On April 22, 2014, in Braintree Labs., Inc. v. Novel Labs., the U.S. Court of Appeals for the Federal Circuit (Dyk, Prost,* Moore) affirmed-in-part, reversed-in-part, vacated-in-part, and remanded the district court’s summary judgment that Novel infringed U.S. Patent No. 6,946,149, which related to a magnesium sulfate, potassium sulfate, and sodium sulfate composition for colonic purging without causing clinically significant electrolyte shifts that Braintree markets as SUPREP® Bowel Prep Kit, and that the ’149 patent was not invalid. The Federal Circuit stated:
"In construing claims, the analytical focus must begin and remain centered on the language of the claims themselves, for it is that language that the patentee chose to use to ‘particularly point out and distinctly claim the subject matter which the patentee regards as his invention.’" The asserted claims here only require that the compositions "induce" (i.e., bring about or start) diarrhea. The claims do not contain language that requires achieving a fully cleansed colon for a colonoscopy. Thus, while cleansing is the goal specifically articulated in the specification, it is not a claim requirement. . . . Although the specification contemplates a scenario in which an effective amount could produce a full cleansing, it does so only in terms of a preferred embodiment. [W]e affirm the district court’s construction of the claim term "purgation." . . .
[T]he patentee’s lexicography must govern the claim construction analysis. Therefore, we disagree with the district court’s modification of the clear language found in the specification. We reverse the district court’s claim construction and construe “clinically significant electrolyte shifts” to be “alterations in blood chemistry that are outside the normal upper or lower limits of their normal range or other untoward effects.” . . . Based on its construction of “purgation,” which does not require a full cleanse, the district court found that one bottle of SUPREP meets the “purgation” claim limitation, as it will induce an evacuation of a copious amount of stool from the bowels and is a composition comprising 473 mL of an aqueous hypertonic solution. We affirm the district court’s construction of this term, and we likewise affirm the district court’s finding that one (half-dose) bottle of SUPREP practices this claim limitation. . . .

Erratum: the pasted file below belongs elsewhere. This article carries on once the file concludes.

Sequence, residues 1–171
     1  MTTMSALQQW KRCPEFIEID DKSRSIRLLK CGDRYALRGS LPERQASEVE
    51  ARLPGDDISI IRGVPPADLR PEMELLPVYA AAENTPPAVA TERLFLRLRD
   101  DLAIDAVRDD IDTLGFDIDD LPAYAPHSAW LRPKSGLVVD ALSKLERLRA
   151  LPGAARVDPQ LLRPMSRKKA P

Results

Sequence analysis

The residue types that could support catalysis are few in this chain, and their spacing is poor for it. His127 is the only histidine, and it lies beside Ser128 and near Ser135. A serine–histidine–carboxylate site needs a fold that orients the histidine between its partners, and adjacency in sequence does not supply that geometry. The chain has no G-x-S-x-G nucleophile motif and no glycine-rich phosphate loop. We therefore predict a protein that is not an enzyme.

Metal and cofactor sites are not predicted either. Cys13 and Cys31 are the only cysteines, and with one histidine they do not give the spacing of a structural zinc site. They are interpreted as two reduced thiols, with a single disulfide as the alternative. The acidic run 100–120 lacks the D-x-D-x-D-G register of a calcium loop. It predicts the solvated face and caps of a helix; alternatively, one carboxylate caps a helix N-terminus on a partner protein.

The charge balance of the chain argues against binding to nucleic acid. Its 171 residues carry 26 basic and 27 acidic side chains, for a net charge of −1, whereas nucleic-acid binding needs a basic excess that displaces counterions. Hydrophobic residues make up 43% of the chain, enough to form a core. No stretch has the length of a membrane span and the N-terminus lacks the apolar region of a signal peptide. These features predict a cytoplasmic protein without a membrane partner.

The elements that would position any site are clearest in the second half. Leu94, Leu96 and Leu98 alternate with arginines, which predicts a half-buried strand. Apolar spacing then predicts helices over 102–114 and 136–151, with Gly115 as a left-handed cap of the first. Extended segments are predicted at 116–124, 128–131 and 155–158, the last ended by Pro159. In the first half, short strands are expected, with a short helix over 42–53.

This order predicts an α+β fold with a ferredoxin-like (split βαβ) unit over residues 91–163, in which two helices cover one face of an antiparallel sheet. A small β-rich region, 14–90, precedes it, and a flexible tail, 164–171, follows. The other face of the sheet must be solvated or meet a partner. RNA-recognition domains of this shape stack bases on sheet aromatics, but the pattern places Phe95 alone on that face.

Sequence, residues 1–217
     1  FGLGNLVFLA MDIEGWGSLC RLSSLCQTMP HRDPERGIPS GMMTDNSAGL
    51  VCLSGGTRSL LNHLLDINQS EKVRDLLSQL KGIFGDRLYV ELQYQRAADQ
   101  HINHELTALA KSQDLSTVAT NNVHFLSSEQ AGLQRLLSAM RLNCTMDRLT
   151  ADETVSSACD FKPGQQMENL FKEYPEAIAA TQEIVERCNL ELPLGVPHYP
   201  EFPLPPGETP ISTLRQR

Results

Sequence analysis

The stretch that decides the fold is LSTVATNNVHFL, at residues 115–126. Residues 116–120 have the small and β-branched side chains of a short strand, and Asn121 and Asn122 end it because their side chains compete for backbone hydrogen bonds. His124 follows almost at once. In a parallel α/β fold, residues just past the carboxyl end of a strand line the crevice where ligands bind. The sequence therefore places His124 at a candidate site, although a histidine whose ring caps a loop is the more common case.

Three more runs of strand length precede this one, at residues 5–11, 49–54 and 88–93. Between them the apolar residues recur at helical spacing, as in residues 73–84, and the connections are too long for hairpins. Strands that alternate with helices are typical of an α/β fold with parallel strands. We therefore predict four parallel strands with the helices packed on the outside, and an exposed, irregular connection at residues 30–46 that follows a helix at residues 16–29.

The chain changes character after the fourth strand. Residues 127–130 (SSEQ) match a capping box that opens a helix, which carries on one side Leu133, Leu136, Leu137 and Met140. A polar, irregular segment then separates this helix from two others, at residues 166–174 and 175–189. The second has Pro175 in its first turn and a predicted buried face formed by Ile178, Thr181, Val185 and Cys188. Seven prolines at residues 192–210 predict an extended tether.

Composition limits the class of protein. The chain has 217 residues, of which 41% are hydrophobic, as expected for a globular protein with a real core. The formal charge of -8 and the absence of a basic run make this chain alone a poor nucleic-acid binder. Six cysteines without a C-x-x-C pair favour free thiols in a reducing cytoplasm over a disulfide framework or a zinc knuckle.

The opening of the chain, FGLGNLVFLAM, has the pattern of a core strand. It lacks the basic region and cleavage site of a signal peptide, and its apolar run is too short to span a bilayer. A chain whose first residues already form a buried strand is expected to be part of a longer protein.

“[I]f the claim preamble is ‘necessary to give life, meaning, and vitality’ to the claim, then the claim preamble should be construed as if in the balance of the claim.” Conversely, a preamble is not limiting “where a patentee defines a structurally complete invention in the claim body and uses the preamble only to state a purpose or intended use for the invention.” [I]n this case, the district court’s definition of “a patient” is incorrect. In view of the proper claim construction of “clinically significant electrolyte shifts,” the district court’s application of the claim terms “a patient” leads to the absurd result of infringement even if a composition causes clinically significant electrolyte shifts in a large percentage of patients. Therefore, we instead interpret “a patient” to mean the general class of persons to whom the patented compositions are directed, i.e., a patient population. [T]here is evidence in the record that at least some patients experienced alterations in blood chemistry that are outside the normal upper or lower limits of their normal range. Therefore, we conclude that there remains a genuine dispute as to whether SUPREP avoids producing any clinically significant electrolyte shifts in a patient population. We vacate the district court’s grant of summary judgment of infringement, and we remand this matter to the district court for further factual findings concerning whether such alterations qualify as “clinically significant electrolyte shifts” in accordance with the proper claim construction articulated here within. . . .
Novel alleges that the asserted claims “‘simply arrange old elements with each performing the same function it had been known to perform’ and yields no more than one would expect from such an arrangement, [so] the combination is obvious.” . . . We disagree. As the district court correctly noted, Novel did not prove that one of skill in the art would have been motivated to combine so many references. In other words, it failed to prove a “plausible rational[e] as to why the prior art references would have worked together.” Further, in building its obviousness case, Novel relies on expert testimony which the district court found to be less credible. And the prior art, including Hechter, taught that safe bowel preps should be isotonic, not hypertonic like the claimed compositions. Therefore, we conclude that the district court did not err in finding that Novel failed to demonstrate that the asserted claims of the ’149 patent would have been obvious at the time of the invention.